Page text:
This post is for the “Identity” Disability Blog Carnival.
At the moment I am spelling on my new input device with fingers that are stinging and aching and too thin, gingerly touching Backspace amid every other word to break the stuttering loop of consonant or vowel caused by lifting my fingertip off a sensor it has not completely covered. I haven’t found a typing stick yet.
On a touch sensitive device, the alphabet is a smooth fragile thing and my movement is shaky. But I spell anyway, because I want and because I need, because I don’t have the strength for speech recognition right now. Right now I am not thinking in spoken English. I am, however, thinking of my body and what this transition means for the progression of my disabilities and for myself. As always, changing abilities mark a subtle change in identity.
It struck me the other day that I don’t remember anymore what it felt like to have full and painless use of my functional hand. I have no desire to use a standard keyboard or a mouse. I wear a splint and glove like clothes; I say “barehanded” the way I say “barefoot.” I accepted gabapentin with barely a second thought, and told of the arthritis in my spine I thought of my spasticity and said, “No wonder. What next?” The pain in my crooked legs I’ve had forever has gotten a bit tougher; I take anti-inflammatories as though they were vitamins and am carefully using a forearm crutch.
Obviously there’s more to managing my disabilities than having to use assistive technology on the computer; I just happen to write about tech stuff here. But I do think the technology has changed me and how I think somewhat. For starters, it finally gave me permission to call myself disabled — even though I’ve been disabled my whole life.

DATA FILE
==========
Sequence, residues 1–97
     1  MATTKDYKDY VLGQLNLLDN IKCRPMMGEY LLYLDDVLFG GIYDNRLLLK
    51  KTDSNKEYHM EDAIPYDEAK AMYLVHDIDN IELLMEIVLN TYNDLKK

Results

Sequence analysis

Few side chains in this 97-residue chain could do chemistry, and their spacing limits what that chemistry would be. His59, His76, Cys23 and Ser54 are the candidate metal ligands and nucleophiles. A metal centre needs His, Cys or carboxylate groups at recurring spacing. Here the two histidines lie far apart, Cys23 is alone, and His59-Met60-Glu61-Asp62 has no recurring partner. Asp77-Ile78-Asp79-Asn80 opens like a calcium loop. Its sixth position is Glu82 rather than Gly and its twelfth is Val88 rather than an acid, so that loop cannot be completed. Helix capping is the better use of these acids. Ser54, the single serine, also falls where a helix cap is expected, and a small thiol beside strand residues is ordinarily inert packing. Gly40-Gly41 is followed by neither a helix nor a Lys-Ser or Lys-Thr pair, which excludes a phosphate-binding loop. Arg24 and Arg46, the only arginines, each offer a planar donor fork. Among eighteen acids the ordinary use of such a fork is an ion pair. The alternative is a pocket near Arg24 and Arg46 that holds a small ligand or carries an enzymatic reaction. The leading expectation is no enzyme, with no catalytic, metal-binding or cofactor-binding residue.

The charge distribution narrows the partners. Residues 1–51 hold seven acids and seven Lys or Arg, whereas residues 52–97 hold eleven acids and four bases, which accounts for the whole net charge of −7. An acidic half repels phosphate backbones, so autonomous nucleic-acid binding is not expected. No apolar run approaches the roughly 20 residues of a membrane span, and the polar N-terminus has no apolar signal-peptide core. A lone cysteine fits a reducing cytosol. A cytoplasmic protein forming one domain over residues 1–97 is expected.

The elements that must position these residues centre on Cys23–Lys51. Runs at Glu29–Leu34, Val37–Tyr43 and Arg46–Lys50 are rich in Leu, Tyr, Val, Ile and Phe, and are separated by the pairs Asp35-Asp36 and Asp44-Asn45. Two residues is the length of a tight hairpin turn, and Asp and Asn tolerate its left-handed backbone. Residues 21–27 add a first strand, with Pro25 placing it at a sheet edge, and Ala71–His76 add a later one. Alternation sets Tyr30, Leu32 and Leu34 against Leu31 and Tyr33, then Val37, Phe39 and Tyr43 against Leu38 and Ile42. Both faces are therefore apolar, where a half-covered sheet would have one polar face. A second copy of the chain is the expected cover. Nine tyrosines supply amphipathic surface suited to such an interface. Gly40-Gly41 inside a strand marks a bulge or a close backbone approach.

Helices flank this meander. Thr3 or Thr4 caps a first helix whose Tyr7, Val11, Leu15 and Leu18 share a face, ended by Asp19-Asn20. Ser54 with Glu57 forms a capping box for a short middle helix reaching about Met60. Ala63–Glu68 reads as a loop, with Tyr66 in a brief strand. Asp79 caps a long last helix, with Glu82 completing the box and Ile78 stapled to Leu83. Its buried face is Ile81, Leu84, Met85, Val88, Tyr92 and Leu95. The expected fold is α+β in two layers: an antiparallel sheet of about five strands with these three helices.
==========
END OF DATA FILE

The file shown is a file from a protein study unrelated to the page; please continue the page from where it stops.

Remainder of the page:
I was born hemiplegic, nearsighted, and deaf in my right ear, and acquired scoliosis in my teens. The most I called myself was one handed. I was taught that I couldn’t say I had CP because I didn’t use a wheelchair and could speak, my preference for written language notwithstanding. I received no school accommodations until college, making my relationship with math and science rather angry until I got into logic. What I realized later was that the disability everyone treated as invisible was the catalyst for all the pains that followed. Simply: if one does the work of two, one is going to break down faster, be it ear, arm, or leg. I could feel it happening but didn’t know what it was, having internalized “pushing through pain” and “could be worse.” And so it got worse.
So I bought DVDs and turned on the captions, company or not. I looked up Dragon NaturallySpeaking and started to use it, forcing myself to align written and spoken English whenever I had the cognitive energy. I was stunned when my words flew across the screen. The mechanics of keyboards were never so physically effortless. I had never controlled the computer so quickly. And I learned, gradually, to value my voice even as I kept a space for silence. My voice is a constant tool now, reminding me how difficult using my hand has actually become in comparison. It reminds me I was disabled all along, that I could have used some “help from the world” sooner. And I am so grateful for it now, for what it has let me do.
And now when my voice fails me, when the energy of being a speaking person is too much, I spell on an alphabet that I can’t feel except in space, in the small eggshell gentle movements of my fingertips. Both the alphabet and I are fragile now, some ways. And yet that the alphabet can be made to be so gentle is a beautiful thing. It reminds me of the identity I was born with: word person.
My technology is a sign now of my identity as a person with disabilities. I don’t know anymore where one started and another began, or what else will happen. But at least now, I realize, when someone asks me “What happened to you?” all I have to say is, “I was born this way.” And then I go back to my words.